Ain’t no poor relation…#The32 #workingclassliterature

I’m interviewed by Aisling Meath in The Echo about ‘Revelations’, my contribution to The 32, the smash hit anthology of Irish Working Class Voices. Revelations is about my experience of the Clonakilty Busking Festival of 1988, when a convoy of New Age Travellers turned up to liberate us from the priests! Pretty wide-ranging interview, including my thoughts on whether the rural working class experience is ‘the poor relation’ in Irish working class literature, as suggested by Irish Times book editor Martin Doyle, who also has an essay in The 32:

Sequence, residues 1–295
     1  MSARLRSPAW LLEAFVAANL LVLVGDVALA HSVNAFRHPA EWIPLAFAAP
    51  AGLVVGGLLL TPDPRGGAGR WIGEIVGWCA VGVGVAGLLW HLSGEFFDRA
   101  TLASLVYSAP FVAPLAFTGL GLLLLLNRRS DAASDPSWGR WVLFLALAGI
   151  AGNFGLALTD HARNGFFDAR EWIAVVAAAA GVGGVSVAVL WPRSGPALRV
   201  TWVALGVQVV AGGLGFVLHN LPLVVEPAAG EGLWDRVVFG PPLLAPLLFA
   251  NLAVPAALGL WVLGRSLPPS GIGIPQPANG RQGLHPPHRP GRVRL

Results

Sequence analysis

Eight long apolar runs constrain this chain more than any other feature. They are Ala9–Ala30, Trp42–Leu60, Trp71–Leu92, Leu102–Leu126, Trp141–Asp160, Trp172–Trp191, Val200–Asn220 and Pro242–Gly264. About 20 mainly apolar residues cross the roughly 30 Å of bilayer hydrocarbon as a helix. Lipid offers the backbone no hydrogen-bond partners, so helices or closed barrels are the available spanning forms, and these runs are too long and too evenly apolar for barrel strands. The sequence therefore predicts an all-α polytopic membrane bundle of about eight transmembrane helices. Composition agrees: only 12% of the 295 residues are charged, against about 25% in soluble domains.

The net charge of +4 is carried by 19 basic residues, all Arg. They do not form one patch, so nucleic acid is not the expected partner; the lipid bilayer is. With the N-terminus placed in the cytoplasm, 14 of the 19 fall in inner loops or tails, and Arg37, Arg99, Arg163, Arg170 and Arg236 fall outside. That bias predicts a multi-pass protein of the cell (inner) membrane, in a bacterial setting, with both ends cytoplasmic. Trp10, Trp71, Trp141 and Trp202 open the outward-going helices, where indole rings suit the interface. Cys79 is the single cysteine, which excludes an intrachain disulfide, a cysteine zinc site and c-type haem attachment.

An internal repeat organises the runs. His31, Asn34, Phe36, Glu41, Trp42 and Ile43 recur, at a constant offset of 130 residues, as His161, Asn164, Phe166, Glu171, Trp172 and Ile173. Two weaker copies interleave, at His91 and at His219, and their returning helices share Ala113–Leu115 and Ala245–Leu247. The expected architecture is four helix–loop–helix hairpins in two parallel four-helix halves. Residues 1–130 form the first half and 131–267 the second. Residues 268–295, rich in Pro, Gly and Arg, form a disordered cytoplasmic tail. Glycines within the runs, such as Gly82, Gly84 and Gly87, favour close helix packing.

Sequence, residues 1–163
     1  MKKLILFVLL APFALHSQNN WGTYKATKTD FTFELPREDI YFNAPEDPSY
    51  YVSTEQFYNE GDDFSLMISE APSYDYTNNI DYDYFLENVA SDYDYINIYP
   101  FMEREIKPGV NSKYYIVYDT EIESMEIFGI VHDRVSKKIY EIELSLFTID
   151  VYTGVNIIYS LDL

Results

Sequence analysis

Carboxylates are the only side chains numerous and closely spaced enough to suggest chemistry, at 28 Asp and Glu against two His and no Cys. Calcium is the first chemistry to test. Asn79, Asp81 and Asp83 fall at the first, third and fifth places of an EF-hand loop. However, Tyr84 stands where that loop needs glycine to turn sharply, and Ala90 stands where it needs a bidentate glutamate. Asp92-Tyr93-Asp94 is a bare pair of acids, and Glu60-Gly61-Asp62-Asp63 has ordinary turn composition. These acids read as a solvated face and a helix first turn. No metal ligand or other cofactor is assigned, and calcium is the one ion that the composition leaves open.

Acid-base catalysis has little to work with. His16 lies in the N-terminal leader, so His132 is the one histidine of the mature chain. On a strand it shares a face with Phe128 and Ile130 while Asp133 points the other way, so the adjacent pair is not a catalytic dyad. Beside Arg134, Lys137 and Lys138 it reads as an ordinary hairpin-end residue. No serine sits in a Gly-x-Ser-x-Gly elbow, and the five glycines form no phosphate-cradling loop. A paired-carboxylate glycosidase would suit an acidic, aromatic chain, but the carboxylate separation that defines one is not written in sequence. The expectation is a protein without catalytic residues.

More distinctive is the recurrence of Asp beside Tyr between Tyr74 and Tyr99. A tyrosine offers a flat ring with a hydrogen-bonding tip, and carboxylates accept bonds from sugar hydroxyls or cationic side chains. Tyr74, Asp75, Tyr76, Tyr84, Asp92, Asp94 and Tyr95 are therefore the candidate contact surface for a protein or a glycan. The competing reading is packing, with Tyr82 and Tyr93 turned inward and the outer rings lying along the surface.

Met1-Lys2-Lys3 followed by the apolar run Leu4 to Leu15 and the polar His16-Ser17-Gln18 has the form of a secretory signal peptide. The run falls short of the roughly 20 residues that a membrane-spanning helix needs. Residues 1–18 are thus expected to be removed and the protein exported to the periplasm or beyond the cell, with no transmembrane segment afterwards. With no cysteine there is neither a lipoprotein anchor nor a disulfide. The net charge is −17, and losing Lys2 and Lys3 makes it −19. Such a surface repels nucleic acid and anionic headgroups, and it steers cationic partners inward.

Irish Times Books Editor Martin Doyle suggests that ‘in the literature of the working class, the rural experience is the poor relation’ but Dave tells The Echo he takes a different view.

“I wouldn’t agree with Martin that the rural experience is the poor relation,” he said.

“I couldn’t see Liam O’Flaherty, Máirtín Ó Cadhain or indeed Peig Sayers as anyone’s poor relation.

“In my view the major literary tradition in Ireland isn’t the novel or the book poem, or what the universities refer to as ‘Anglo-Irish literature ‘ but is instead our bi-lingual song tradition, deriving from the Gaelic bardic tradition, in which can be found the myriad stories of our working people for the last millennia and longer.

“It’s great to be included in the new anthology of working class writers, and the diversity and achievement of what’s included is heartwarming and inspiring, but mere books will always be ‘the poor relation’ of our song tradition.”

But The 32 here


Paul McVeigh, Editor of The 32